There can be little doubt, using PT Forsyth’s phrase, of the ‘cruciality of the cross’ in Christian theology, or that much has been written and debated, if not also constructed, about the cross in Christian history. Robert Jensen, unsurprisingly, begins with the New Testament, but draws also on the so-called ‘apocryphal’ literature, numerous theologians and, perhaps most strikingly, on art and artefacts to supply a rich and intriguing history of the transformation of the cross from a cruel means of execution, a ‘stumbling block to Jews and foolishness to Gentiles’, to the demonstration of divine love intent on redeeming humans.
While textual sources provide explanations of the cross as a source of comfort, healing and hope, the author’s primary interest is where the cross becomes a sign – an empty cross signifying victory over the final enemy, and the crucifix representing suffering. Both are shown to have far-reaching implications for Christians.
The book has more to say about the first millennium of Christian history than the second, with seven chapters discussing the early Church to the medieval period and two devoted to the period from the Reformation to the modern era. Clearly pre-Reformation times provide greater source material for the discussion, despite the significance of Luther’s ‘theology of the cross’ (rather cursorily treated here) and Calvin’s conviction that, in preaching, Christ is displayed before our eyes as crucified.
Beautifully produced, grounded in scholarship but lucidly written, the book combines text and illustration to provide a sympathetic and insightful history of the cross. The author does not seek to be comprehensive or to offer a definitive explanation about the cross and its significance – two impossible tasks given its numerous representations and the fluidity of interpretation to be found in Christian history. Informative rather than devotional, this book offers much for those interested in the way in which, over time, central symbols of faith develop and expand their meaning.
Robert Pope is Director of Studies in Church History and Doctrine for Westminster College, Cambridge
Countercultural rapper’s memoir
Unpopular Culture is the debut book by double Mobo-Award winning rap artist Guvna B. Now in his late 20s, Guvna B was born to Ghanaian parents and grew up on a council estate in east London, where drugs and gangs were commonplace. Most of his peers lacked ‘real’ ambition, aspiring to flashy cars, name-brand clothes and easy sex – what some would call the benchmarks of success dictated by popular culture. Unpopular Culture seeks to buck against this ‘default’ mindset – not just challenging but actively rejecting the status quo.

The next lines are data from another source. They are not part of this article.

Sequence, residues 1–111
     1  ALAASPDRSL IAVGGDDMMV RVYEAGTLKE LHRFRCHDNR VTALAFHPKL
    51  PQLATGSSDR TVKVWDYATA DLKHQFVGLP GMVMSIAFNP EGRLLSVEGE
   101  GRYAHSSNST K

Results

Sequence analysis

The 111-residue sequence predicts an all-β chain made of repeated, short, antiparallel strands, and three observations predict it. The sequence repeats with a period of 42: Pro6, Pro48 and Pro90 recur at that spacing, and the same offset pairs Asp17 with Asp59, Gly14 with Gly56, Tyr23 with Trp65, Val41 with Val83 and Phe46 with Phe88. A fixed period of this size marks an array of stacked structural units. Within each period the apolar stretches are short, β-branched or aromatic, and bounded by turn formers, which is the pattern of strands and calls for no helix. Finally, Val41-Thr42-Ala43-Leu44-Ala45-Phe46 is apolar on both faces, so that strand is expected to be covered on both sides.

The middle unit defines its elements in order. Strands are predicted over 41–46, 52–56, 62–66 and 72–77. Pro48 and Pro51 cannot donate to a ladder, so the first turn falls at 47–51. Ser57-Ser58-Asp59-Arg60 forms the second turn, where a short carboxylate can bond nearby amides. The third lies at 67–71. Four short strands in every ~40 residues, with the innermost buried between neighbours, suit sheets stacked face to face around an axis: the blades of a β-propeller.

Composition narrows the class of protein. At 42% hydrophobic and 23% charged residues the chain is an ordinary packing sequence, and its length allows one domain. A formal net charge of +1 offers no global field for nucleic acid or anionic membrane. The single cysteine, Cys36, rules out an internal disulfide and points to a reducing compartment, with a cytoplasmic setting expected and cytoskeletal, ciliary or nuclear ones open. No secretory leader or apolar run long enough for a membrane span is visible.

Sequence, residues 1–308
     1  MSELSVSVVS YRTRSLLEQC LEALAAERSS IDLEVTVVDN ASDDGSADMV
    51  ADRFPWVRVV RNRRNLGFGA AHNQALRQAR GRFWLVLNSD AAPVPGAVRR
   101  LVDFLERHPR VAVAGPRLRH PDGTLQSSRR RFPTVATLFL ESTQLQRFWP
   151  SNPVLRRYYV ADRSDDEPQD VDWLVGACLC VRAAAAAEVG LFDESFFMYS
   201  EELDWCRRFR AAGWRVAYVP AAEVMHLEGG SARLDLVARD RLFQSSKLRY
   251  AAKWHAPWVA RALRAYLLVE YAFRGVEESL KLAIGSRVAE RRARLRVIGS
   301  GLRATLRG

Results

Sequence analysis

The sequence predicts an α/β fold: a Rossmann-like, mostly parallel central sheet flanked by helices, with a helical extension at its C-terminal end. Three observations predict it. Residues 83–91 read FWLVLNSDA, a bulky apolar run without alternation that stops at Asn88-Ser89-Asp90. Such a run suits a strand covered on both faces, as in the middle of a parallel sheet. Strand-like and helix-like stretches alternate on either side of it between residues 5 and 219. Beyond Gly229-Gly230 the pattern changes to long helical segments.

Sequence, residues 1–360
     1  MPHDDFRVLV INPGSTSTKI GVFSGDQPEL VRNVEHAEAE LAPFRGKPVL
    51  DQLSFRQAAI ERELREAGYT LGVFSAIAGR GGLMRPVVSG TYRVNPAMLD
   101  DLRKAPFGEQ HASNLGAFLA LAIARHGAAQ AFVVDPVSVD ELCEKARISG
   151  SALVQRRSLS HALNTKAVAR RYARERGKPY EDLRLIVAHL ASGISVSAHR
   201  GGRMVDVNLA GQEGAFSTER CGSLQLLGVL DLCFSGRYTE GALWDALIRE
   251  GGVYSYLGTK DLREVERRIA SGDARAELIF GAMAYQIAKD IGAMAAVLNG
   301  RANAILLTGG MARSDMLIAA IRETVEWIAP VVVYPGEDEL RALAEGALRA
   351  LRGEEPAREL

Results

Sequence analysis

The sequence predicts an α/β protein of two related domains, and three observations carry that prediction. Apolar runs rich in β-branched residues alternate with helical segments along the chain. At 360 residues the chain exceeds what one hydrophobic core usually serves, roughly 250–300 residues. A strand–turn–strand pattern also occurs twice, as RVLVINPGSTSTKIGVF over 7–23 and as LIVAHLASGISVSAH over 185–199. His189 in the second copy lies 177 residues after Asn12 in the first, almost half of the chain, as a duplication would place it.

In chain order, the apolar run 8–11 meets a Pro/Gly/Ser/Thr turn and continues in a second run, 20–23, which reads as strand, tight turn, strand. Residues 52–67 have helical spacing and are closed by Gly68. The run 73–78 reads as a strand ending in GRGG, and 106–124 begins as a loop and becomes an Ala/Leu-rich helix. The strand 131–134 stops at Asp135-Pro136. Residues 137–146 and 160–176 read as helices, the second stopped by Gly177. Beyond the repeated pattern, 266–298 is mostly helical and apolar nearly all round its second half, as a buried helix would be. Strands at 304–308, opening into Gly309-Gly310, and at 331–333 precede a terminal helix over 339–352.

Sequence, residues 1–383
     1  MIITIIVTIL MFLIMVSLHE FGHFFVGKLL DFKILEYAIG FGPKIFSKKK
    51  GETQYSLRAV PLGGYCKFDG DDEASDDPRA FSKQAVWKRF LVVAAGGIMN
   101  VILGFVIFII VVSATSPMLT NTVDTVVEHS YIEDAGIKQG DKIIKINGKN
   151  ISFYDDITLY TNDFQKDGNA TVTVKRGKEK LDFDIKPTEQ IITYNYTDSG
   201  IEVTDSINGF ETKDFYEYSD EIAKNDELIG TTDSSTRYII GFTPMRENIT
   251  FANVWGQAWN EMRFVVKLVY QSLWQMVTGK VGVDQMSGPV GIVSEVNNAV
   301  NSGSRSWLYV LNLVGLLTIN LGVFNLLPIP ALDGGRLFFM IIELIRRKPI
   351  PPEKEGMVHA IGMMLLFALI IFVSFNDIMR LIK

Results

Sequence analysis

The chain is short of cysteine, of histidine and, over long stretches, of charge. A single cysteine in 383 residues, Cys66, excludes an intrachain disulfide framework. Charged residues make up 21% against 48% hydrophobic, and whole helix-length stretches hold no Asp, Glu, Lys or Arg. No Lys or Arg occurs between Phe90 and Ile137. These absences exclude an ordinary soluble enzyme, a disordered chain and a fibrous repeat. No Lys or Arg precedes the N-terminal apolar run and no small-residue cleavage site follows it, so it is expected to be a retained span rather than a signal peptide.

Guvna B encourages his readers to look again at what we do, why, and resist conforming to the norms of the day. He points to a higher standard, flowing from the conscious recognition that we are made in the image of God, loved without limits, and intended for things far greater than the world can provide.
Unpopular Culture is a refreshing read. There are no big words, no weighty theological arguments. Guvna B comes across as an everyday individual – a young man determined to live his faith within the realities of his world. The book is scattered with anecdotes from his life – his shame-faced recollection of pride when, aged eight, the estate gang members knew his name; his boyhood efforts to be a wheeler-dealer, earning him the nickname ‘Black Del Boy’; going to university as a young Christian and finding himself the odd one out in a raucous environment. Guvna B’s reflections feel honest, with consideration given to friendships, relationships, his career in the music industry and the struggle against being pigeonholed. While, at times, the biblical references feel too easy, the book insistently looks to Jesus as the one perfect example worth emulating – someone who knew what he stood for and would not conform or compromise.
Unpopular Culture has potentially wide appeal – for Christian youngsters and youth groups generally, black and urban young people specifically (particularly boys) and those struggling to balance faith and the world. It’s a good read for anyone with a few hours to spare.
Karen Campbell is a Church-related Community Worker serving in Luton
This article was published in the October 2017 edition of Reform